Google Chrome v Windows: Google takes swipe at Microsoft but which platform is best?

Tech giants Google and Microsoft continue to battle it out in the keenly-contested laptop market. The latest round sees Google launch an advert for its new Chromebook laptops by making a none-too subtle joke at the expense of Microsoft’s rival operating system. The promotion sees science commentator Bill Nye seemingly compare Windows 10 to an old car that is falling apart. looks at whether Google Chromebook or Windows 10 offers the best laptop program.

Google Chromebooks continue to improve, with the latest generation offering a straightforward and paired-down experience

Google’s Chrome OS is extremely intuitive to use and is available in numerous laptops costing as little as £150 ($179).

Microsoft, however, also continues to improve via its regular Windows 10 update.

Tweaks to the evolving Start menu and the helpful Cortana assistant are just two examples of this.

Both Windows and Chrome OS have been compared them in several head-to-head tests to determine which OS is the best.

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Windows 10 is a well-polished and finished operating system that feels more integrated and seamless than its predecessors.

The latest version of Chrome OS also has a slick interface, with an intelligent taskbar showing active apps and shortcuts to essential Google apps, including Google Docs, Drive and YouTube.

Even though Chrome OS is the weaker of the two for multitasking, Google’s offering is the more intuitive interface than Windows 10.

Apps and software:

All of this generation’s laptops require some basic programs to be fully functional, spanning productivity, photo and video editing and a basic browser.

And despite Windows laptops and Chromebooks both offering these, there is a lingering sense that Google’s OS remains a work in progress, despite recent improvements.

Microsoft claims that there are 669,000 apps in the Windows Store.

And while Chromebooks now offer Android apps for working offline, users can be hindered for what can be achieved without a signal.

READ MORE: ‘Irritating glitch’ hits some Windows 10 users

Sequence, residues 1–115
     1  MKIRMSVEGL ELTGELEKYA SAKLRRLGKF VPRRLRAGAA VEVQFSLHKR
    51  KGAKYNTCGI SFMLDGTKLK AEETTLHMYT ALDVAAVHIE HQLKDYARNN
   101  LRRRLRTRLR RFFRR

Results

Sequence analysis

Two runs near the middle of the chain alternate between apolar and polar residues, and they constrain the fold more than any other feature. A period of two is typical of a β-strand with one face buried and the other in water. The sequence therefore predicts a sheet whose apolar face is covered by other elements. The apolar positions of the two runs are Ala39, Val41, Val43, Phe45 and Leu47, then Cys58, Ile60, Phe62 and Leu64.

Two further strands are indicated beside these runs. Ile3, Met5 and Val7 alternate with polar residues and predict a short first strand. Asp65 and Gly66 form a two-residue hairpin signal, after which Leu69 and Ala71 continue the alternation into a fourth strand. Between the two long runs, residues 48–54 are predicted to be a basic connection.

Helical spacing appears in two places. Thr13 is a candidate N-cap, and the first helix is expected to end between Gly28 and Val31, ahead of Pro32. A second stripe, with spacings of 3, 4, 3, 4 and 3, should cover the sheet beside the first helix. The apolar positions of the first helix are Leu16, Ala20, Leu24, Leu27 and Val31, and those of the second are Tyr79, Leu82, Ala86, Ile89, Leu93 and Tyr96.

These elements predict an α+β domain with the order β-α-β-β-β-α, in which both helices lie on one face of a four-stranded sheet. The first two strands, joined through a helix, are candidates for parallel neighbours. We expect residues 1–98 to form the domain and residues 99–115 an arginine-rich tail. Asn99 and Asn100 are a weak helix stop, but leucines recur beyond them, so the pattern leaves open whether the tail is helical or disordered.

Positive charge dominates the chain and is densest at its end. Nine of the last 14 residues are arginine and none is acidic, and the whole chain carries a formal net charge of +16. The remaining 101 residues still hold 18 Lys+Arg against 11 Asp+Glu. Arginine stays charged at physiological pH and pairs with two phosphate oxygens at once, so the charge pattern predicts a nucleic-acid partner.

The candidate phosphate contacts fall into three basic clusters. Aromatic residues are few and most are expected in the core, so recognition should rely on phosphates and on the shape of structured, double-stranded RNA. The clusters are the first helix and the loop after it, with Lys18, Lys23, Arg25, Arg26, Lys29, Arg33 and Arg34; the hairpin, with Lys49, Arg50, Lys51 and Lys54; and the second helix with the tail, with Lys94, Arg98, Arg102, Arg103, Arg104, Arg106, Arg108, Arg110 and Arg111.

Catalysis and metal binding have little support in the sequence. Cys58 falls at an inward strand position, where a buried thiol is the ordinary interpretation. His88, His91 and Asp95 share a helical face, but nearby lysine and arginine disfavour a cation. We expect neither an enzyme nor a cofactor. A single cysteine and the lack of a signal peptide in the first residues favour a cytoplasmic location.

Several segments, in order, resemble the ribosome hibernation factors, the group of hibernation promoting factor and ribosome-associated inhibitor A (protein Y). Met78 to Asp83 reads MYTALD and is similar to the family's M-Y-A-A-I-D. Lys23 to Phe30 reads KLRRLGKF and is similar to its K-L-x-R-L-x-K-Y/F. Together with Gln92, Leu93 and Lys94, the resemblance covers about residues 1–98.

Photo and video editing:

Microsoft Windows 10 offers a dazzling array of photo-editing programs, supporting Photoshop among the rest of Adobe’s Creative Suite.

The web-based Chrome OS platform, meanwhile, offers basic editing options, such as Photoshop Express and Pixlr Editor.

Those editing films have multiple options for Windows, included Adobe Premiere Pro, while even the best Chromebooks are not quite as up to the task.

Web browsing:

Google Chrome boasts powerful, intuitive and unfussy interface, offering multiple extensions.

Those using a machine running Chrome OS should know there are no alternatives.

The Chrome OS browser cannot run Flash or other important plugins, such as Java, meaning users will almost inevitably face compatibility problems on certain websites and extensions.

Windows 10,in contrast, can run most other web browsers including Chrome, offering users the choice to search the internet how they wish.

File management:

Windows continues to offer a traditional and familiar folder of files, which appears in the simple File Explorer program.

Users are also able to save to your desktop, pin documents to the bar and create new folders with ease.

Chromebook users face the problem of being restricted to a smaller amount of space they are likely to have on their laptop’s hard drive.

This means users who love to hoard numerous media and files will want the local storage space provided by Windows 10.